- Such brought forward loss and unabsorbed depreciation shall be allowed to be set off and carried forward in accordance with the provisions of the Indian Income Tax Act, 1961 for the remaining period. However, such set off is allowed only against income chargeable to tax in India on account of such foreign Company becoming Indian resident.
- Further, a POEM hit foreign company is required to re-cast its Profit and Loss account and Balance Sheet and re-work the numbers for the purposes of aligning the same to the Indian tax year.
- Indian withholding tax provisions (on all payments, if any, made to such a foreign company) will apply based on the withholding rules applicable for payments to a foreign company rather than withholding tax rules applicable for payments to residents.
- The notification has further clarified that such foreign company shall be granted credit of taxes paid by it in the home jurisdiction as per Section 90 and 91.
- Further, the notification clarifies that, status quo of a transaction with such a foreign company shall not change, merely because of the foreign company’s deemed tax residency in India. Therefore, tax compliance and reporting requirements of other parties transacting with such foreign company shall not change, merely because of the foreign company’s deemed tax residency in India.
- Notification has further clarified that such foreign company shall continue to be treated as a foreign company for all other Indian tax purposes even if it is deemed to be a resident in India. Importantly, it has been clarified, by virtue of the above thumb-rule, that the headline tax rate applicable to such a foreign company will be 40 percent, as against the headline tax rate of 25 percent applicable to other Indian companies. The last clarification indeed appears to be a case where the Government wanting best of both worlds!
- However, the notification has given huge respite to such foreign companies by way of allowing relief or deduction of taxes paid in accordance with the provisions of section 90 or section 91 of the Act.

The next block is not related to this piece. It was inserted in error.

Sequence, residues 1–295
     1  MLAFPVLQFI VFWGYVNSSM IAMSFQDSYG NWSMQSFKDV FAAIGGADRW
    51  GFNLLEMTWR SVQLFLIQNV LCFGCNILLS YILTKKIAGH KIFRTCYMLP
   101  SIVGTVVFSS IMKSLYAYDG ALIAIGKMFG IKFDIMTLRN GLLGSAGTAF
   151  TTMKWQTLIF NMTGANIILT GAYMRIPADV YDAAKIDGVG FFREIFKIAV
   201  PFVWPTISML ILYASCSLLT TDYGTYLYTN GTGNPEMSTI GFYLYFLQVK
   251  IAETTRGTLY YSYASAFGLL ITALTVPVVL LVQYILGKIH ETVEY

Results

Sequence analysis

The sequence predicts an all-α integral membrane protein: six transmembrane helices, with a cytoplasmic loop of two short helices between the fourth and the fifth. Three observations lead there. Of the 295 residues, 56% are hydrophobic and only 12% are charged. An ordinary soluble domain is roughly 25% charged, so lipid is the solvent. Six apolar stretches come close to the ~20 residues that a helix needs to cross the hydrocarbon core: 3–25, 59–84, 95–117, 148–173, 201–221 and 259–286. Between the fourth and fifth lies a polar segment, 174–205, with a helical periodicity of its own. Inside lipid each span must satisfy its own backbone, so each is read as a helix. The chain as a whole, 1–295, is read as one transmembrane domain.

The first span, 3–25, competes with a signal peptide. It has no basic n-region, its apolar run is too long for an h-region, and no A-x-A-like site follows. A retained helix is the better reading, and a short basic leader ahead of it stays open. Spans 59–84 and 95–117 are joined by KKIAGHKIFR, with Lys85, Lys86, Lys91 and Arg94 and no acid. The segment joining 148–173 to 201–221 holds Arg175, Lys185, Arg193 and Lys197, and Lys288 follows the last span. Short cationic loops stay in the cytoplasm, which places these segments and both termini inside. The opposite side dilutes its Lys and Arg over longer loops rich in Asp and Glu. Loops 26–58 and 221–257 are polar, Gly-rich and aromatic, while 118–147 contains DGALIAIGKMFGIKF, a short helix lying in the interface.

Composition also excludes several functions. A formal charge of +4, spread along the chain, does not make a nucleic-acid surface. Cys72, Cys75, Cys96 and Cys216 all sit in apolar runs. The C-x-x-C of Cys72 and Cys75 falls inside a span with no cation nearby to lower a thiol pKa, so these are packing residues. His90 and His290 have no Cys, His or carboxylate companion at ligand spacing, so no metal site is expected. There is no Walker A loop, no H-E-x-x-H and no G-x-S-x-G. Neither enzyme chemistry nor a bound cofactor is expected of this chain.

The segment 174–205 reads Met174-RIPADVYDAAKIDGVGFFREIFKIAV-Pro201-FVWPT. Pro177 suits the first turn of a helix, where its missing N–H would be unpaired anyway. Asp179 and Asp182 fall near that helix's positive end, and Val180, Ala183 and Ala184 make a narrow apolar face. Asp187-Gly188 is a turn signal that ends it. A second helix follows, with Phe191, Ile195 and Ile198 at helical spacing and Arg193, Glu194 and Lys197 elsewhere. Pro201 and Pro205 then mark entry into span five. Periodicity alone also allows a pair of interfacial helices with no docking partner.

- Further, if a foreign company is deemed to be a tax resident for any Indian tax year under the POEM rules for the first time by reason of the Indian tax authority holding so, then the main section as well as the notification provides that the same rules will apply for all the succeeding Indian tax years as well (in which it is held to be an Indian tax resident) ending before the first determination date.
For example, let’s say, a foreign company is considered as an Indian resident by the Indian tax authority for the first time for the FY 2016-17. This determination happens only during the assessment proceedings, which happens with a lag, say, in December 2019 (by virtue of section 153 limitation rules). In such a case, as per the aforesaid rule, the same rules will also apply to future FYs 2017-18 and 2018-19. Therefore, effectively, the deemed tax residency rules are applied for three years (since the foreign company will be oblivious to this Indian audit aspect till then and two more years would have also lapsed). In fact another FY 2019-20 would have also almost completed without the foreign company having any opportunity to comply with the Indian tax rules, even if it had wanted to. In other words, there is no sufficient notice to the foreign company of the Indian tax authority’s intention.